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Username Post: MBM brake booster Issues        (Topic#345642)
carolinakid 
"6th Year" Silver Supporting Member
Posts: 912
carolinakid
Loc: Sanford NC
Reg: 08-27-03
06-25-17 07:55 PM - Post#2697503    

In a previous post I wrote that my brake pedal would not fully return every once in a while. Decided I had a bad brake booster. Had the rear end off the ground the other day and found there was a little bit more drag on the wheels than I wanted from the rear brakes being adjusted a bit too tight. Gave each adjuster three clicks in. Rear wheels spins freely now.

Now My Issue: Brake Pedal now does not return most of the time.

My Questions. Do the return springs in the rear brakes lose tension over time. By adjusting the rear brakes IN is there less tension on the return springs. Could there be any connection between the amount of spring tension on the return springs and the brake pedal not returning? Thanks



 

YOUNG57 
Contributor
Posts: 966

Loc: Tennessee
Reg: 12-06-10
06-25-17 08:53 PM - Post#2697506    
    In response to carolinakid

"Could there be any connection between the amount of spring tension on the return springs and the brake pedal not returning?"

NO, the pedal has its own return spring. And your booster must be holding it down. You need to replace the booster before you have no brakes or it locks them up.



 
carolinakid 
"6th Year" Silver Supporting Member
Posts: 912
carolinakid
Loc: Sanford NC
Reg: 08-27-03
06-26-17 12:22 PM - Post#2697576    
    In response to YOUNG57

Finally got to talk to MBM tech. They said I have

1. A bad Booster

2. Not enough vacuum - I have 20 inches

3. Line too close to heat source - Not that I can
see
4. Booster clevis rod binding due to incorrect location on pedal

They ask what hole in the brake pedal I was using. I told them the original hole that was for manual brakes. They said to drill another hole 1 inch below the original and attach the clevis to that hole.

Original directions that came with kit instructed you to drill a hole 1 inch below the original ONLY if you had an angled booster. Directions are from east coast chevy.

Directions also stated you could drill an OPTIONAL hole 1/2 inch hole below the original IF you wanted a higher pedal

The original hole in brake pedal seem to me to be halfway between upper and lower most travel of booster clevis

The Bottom Line: Due to conflicting info: What have other done in regard to position of booster clevis on the brake pedal? Thanks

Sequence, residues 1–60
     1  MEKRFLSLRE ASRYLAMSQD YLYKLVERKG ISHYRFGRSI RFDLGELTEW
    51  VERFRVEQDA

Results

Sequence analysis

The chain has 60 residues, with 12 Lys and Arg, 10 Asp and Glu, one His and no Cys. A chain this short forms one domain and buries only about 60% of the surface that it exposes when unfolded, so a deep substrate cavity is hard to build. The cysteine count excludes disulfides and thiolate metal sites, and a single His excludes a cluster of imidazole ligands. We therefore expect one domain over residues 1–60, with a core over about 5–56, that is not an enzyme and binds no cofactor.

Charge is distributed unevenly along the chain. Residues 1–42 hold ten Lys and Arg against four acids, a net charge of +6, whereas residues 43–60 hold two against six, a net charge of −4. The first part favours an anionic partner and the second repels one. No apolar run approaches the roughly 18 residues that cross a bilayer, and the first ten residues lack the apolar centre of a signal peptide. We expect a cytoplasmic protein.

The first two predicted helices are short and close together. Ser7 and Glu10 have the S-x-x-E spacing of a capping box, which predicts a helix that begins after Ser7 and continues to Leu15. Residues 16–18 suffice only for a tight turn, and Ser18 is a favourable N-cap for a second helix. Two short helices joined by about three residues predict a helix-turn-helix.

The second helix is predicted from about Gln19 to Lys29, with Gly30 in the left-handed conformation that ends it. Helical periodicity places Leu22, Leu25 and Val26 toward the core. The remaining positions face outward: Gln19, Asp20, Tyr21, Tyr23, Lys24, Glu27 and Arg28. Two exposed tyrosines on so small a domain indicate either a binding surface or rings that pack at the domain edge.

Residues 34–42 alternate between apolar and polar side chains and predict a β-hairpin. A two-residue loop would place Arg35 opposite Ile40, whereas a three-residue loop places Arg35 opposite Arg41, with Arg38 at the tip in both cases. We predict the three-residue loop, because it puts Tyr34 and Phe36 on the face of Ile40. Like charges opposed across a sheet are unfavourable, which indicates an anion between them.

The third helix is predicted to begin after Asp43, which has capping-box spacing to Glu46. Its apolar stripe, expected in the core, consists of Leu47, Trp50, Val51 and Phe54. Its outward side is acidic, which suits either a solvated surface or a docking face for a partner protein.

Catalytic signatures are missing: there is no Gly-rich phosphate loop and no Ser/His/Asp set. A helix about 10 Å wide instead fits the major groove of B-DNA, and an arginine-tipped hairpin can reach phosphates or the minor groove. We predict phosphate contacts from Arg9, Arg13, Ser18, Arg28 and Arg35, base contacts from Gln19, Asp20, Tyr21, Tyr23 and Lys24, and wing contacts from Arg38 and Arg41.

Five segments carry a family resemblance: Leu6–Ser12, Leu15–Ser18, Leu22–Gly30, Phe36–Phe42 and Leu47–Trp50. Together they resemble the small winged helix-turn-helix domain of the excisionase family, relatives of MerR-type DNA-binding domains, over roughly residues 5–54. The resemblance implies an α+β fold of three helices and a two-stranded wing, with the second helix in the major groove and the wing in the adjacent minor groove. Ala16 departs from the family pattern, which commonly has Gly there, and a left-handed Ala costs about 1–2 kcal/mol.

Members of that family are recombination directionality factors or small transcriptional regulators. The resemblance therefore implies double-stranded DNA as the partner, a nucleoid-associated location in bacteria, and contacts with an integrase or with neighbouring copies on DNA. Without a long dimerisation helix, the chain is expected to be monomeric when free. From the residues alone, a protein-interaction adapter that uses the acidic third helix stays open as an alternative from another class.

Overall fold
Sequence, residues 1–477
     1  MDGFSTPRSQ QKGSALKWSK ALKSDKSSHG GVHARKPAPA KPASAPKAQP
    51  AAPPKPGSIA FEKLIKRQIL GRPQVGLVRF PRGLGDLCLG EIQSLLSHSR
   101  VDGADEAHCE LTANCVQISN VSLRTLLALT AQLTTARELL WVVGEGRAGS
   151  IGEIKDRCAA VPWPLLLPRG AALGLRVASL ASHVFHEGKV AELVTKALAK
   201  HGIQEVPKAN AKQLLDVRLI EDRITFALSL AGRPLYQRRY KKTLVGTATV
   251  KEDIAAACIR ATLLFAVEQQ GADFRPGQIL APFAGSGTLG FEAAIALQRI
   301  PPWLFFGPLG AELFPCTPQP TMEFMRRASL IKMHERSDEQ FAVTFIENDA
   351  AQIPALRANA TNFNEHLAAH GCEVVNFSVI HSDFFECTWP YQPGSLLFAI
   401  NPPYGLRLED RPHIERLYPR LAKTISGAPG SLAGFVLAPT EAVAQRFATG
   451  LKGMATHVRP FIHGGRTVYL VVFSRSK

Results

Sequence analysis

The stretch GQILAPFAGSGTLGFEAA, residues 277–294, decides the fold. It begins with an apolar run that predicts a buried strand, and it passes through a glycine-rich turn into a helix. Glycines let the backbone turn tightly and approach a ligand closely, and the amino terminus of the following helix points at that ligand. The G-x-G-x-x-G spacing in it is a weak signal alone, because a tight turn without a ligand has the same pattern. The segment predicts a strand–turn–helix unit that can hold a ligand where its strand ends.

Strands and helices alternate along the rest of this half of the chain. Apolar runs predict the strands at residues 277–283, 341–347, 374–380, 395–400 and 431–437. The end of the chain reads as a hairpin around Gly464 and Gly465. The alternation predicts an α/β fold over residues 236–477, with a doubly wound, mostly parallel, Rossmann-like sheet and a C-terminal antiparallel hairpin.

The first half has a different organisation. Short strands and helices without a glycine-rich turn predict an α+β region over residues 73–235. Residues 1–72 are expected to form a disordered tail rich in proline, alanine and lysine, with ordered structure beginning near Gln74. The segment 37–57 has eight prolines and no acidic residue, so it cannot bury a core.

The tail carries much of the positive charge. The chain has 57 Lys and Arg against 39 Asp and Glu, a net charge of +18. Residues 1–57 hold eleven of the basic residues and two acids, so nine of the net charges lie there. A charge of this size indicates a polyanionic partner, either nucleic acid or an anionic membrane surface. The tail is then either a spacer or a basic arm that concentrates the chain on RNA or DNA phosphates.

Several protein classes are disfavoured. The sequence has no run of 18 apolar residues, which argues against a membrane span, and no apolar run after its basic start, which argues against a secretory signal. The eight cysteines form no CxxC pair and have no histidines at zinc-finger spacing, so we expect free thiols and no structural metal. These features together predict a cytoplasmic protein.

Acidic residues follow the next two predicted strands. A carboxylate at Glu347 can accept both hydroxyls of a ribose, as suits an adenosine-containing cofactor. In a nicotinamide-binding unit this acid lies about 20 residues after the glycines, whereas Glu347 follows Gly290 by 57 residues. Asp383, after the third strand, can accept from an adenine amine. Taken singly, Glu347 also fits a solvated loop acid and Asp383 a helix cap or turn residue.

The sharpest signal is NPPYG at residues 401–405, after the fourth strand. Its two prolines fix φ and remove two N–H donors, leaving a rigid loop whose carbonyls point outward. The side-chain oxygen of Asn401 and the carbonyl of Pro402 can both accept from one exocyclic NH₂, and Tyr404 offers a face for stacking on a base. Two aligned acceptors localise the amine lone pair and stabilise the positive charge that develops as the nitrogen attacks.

Rick_L 
Honored Member
Posts: 27207
Rick_L
Loc: Katy, Tx, USA
Reg: 07-06-00
06-26-17 04:32 PM - Post#2697601    
    In response to carolinakid

The advice you got about drilling a new hole for the brake clevis is correct. You should use the original hole if you have a flat mount booster. You should use a hole 1" down if you have an angled bracket for the booster.

Now to the details. Drilling that hole 1" down from the original assumes that the booster bracket makes the pushrod "want" to be there without forcing it up or down. If the clevis does not line up with the hole, they screwed up the bracket angle. If you have to force the pushrod up or down, that's going to side load it and that's not good.

There is NO way that 20" of vacuum (or any amount higher or lower) is going to affect pedal return. All the vacuum does is affect how much boost. There are no other excuses that would affect this except pushrod alignment.

The other effect of re-drilling the clevis pin location in the brake pedal arm is that it changes the pedal ratio. This affects the brake pedal leverage and pedal stroke. Moving the hole 1" down means you have 4:1 pedal ratio rather than the stock 6:1. This means the pedal travel will be 2/3 of stock and the force required is 1.5 times what it would be in the stock location. What it's doing is killing some of your boost so that you can have a shorter pedal. This is what the OEMs do, so it replicates that "feel".

There were a lot of offshore manufactured boosters made the last few years that have pedal return problems. And almost every seller on the market was (is) affected. I'm not real confident that they have truly fixed the problem. I don't see as many complaints on these forums so maybe they've made progress. I'm sure that inventory moves slowly from some vendors. Probably a bigger deal is customers buying stuff and not using it right away, or not piling up miles once installed.



 
carolinakid 
"6th Year" Silver Supporting Member
Posts: 912
carolinakid
Loc: Sanford NC
Reg: 08-27-03
06-26-17 05:52 PM - Post#2697613    
    In response to Rick_L

I have a flat/level mount booster. The manual brake original hole seemed to line up with the booster clevis pretty good to me. However I have drilled the optional hole 1/2 inch down from original and will see if this solves my problem. I have also ordered another booster just in case it doesn't.

I have googled this problem and there are a lot of folks that are having the same problem.



Edited by carolinakid on 06-26-17 05:55 PM. Reason for edit: No reason given.

 
carolinakid 
"6th Year" Silver Supporting Member
Posts: 912
carolinakid
Loc: Sanford NC
Reg: 08-27-03
06-27-17 06:21 PM - Post#2697764    
    In response to carolinakid

Removed pedal spring and attached booster clevis to new hole approximately 1/2 inch down from original manual hole.

WOW what a difference, Pedal stroke has been cut in half and pedal doesn't stick anymore.

Booster rod must have been binding when it was in original hole.

Now have a new spare booster and brakes that work great. Doesn't get much better than that!!!!



 
carolinakid 
"6th Year" Silver Supporting Member
Posts: 912
carolinakid
Loc: Sanford NC
Reg: 08-27-03
07-27-17 10:12 AM - Post#2701656    
    In response to carolinakid